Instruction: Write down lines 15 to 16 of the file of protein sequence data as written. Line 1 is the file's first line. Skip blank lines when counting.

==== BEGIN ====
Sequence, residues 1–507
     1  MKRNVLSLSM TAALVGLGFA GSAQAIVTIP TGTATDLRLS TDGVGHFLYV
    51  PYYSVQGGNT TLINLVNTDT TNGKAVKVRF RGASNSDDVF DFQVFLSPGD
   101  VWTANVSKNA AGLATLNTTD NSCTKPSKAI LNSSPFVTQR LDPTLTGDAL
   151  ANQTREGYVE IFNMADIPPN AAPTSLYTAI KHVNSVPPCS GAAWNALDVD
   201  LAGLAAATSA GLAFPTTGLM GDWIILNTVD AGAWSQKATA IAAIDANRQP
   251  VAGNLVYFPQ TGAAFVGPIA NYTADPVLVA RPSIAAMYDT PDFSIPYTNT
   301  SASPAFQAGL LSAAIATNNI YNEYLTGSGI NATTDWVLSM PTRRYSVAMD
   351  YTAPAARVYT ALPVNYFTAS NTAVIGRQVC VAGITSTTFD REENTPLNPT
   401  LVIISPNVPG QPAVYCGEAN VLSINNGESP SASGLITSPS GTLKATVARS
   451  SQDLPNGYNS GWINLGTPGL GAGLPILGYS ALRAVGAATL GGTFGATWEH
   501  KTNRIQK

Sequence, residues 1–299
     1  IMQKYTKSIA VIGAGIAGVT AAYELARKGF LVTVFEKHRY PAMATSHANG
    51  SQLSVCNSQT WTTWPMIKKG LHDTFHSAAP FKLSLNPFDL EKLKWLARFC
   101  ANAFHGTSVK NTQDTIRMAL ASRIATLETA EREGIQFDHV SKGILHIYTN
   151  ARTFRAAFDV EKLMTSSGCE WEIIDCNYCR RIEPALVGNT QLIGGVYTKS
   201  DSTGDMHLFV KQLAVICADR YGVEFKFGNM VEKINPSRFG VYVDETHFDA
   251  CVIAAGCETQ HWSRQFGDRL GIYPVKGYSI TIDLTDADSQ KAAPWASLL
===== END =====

    51  SQLSVCNSQT WTTWPMIKKG LHDTFHSAAP FKLSLNPFDL EKLKWLARFC
   101  ANAFHGTSVK NTQDTIRMAL ASRIATLETA EREGIQFDHV SKGILHIYTN